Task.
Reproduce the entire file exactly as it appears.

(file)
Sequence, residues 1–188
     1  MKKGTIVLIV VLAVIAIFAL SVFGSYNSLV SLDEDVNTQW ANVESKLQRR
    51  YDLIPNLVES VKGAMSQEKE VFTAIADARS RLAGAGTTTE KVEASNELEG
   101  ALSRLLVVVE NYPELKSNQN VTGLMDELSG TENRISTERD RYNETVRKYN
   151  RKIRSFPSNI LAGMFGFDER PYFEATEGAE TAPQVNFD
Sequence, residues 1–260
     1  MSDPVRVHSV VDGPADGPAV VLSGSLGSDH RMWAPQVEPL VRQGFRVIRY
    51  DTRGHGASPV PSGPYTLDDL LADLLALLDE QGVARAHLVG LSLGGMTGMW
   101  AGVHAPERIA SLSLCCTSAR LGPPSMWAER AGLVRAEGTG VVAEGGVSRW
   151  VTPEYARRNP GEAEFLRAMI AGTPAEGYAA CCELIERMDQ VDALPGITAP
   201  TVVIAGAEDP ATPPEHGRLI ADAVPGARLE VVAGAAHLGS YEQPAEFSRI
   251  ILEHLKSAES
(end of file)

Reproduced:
Sequence, residues 1–188
     1  MKKGTIVLIV VLAVIAIFAL SVFGSYNSLV SLDEDVNTQW ANVESKLQRR
    51  YDLIPNLVES VKGAMSQEKE VFTAIADARS RLAGAGTTTE KVEASNELEG
   101  ALSRLLVVVE NYPELKSNQN VTGLMDELSG TENRISTERD RYNETVRKYN
   151  RKIRSFPSNI LAGMFGFDER PYFEATEGAE TAPQVNFD
Sequence, residues 1–260
     1  MSDPVRVHSV VDGPADGPAV VLSGSLGSDH RMWAPQVEPL VRQGFRVIRY
    51  DTRGHGASPV PSGPYTLDDL LADLLALLDE QGVARAHLVG LSLGGMTGMW
   101  AGVHAPERIA SLSLCCTSAR LGPPSMWAER AGLVRAEGTG VVAEGGVSRW
   151  VTPEYARRNP GEAEFLRAMI AGTPAEGYAA CCELIERMDQ VDALPGITAP
   201  TVVIAGAEDP ATPPEHGRLI ADAVPGARLE VVAGAAHLGS YEQPAEFSRI
   251  ILEHLKSAES